“The others said you want me to do the Black Cup,” she said to Tabriz, ignoring Ennis. “They want to do it now, for Kurt.”
Tabriz nodded sharply. “Yes, you do it now. Use this,” he said, and handed her the bottle of scotch. She took it and left the messroom. A group of mercenaries standing by the entrance, watching the exchange, fell in behind her.
Ennis opened his mouth to object, to delay, but the commander interrupted. “This needs to be done immediately. Kurt Ullman, he might not last very long.” The intense black gaze turned to him. “Those mizake directs don’ like you, but we don’ like them so much either. You ain’t so bad for a crewcut. You stay for the tattoo, you can talk to her then.”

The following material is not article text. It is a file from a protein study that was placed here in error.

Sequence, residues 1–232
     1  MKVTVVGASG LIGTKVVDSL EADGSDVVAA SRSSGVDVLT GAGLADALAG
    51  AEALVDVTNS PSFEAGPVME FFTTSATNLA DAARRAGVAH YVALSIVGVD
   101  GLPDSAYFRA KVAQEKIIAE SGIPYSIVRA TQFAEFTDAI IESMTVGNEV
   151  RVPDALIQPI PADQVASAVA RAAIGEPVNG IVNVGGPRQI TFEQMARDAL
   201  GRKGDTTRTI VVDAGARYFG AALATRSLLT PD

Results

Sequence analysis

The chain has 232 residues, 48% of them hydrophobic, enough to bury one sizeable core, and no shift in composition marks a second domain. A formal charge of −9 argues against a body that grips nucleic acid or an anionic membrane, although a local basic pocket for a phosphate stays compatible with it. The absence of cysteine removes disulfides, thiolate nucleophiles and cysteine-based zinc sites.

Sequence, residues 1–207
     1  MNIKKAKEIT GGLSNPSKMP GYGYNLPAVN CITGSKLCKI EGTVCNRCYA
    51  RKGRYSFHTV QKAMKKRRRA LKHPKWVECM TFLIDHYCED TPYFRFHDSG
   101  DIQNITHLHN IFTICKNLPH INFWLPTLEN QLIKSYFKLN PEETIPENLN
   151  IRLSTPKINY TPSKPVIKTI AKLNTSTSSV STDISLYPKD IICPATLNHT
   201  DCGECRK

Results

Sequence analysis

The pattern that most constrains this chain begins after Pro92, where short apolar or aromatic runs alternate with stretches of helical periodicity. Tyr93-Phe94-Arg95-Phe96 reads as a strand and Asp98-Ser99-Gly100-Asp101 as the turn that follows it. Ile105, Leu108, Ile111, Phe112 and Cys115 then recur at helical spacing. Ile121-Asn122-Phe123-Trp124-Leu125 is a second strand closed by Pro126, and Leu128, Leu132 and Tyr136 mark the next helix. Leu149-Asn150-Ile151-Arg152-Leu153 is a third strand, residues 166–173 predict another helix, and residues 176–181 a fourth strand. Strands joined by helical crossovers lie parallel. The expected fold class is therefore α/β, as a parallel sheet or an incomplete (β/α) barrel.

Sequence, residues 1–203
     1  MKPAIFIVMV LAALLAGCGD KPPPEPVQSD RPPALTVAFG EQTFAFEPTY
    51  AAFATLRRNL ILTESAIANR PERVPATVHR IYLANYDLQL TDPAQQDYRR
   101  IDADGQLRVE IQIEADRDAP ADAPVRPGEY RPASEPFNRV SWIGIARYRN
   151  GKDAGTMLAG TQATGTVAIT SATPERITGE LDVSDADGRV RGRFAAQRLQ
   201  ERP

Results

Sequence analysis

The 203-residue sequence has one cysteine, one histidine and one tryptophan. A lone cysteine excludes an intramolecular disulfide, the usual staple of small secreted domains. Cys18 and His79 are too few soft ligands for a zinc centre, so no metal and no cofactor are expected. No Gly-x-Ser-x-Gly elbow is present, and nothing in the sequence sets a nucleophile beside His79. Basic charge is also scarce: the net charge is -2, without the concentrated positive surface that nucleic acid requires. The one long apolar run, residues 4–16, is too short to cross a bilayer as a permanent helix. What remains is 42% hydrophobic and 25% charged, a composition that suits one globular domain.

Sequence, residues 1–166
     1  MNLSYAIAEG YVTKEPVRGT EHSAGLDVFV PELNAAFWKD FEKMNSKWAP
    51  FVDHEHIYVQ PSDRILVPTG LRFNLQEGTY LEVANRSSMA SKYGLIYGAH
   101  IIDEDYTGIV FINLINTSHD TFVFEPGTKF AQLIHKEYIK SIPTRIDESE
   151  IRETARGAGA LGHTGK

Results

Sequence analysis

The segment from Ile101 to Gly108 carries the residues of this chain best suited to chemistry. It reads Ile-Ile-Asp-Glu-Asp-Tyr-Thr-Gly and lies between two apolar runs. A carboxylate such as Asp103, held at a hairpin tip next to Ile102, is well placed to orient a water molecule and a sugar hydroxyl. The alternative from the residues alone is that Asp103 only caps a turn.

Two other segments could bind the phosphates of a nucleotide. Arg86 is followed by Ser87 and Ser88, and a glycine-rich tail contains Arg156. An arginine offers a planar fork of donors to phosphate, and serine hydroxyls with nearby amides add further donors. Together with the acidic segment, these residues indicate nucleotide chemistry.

Ennis blinked and nodded, masking his shock with an effort. It was meant as a compliment, but he wasn’t sure he was pleased Tabriz considered him non-Fleet enough to be welcome at a mercenary tattoo. It didn’t matter. He had work to do, and this would let him do it.
Tabriz got up from the table, snatching one of the comms and clipping it to his belt. He headed for the same door Sayres had used, negotiating the tangle of pipe and conduit with impatient haste. Ennis hesitated. Nobody seemed to be objecting to his presence, so he followed Tabriz.
He threaded his way through the crowded, narrow corridors and down an accessway ladder, ending up at the entrance to the aft keel launch bay. The doors opened as Tabriz strode forward, recognizing his badge ID, and Ennis hurried to enter with him. Technically he should have access, but he didn’t remember if he’d pestered the security officer into actually changing the code to include him.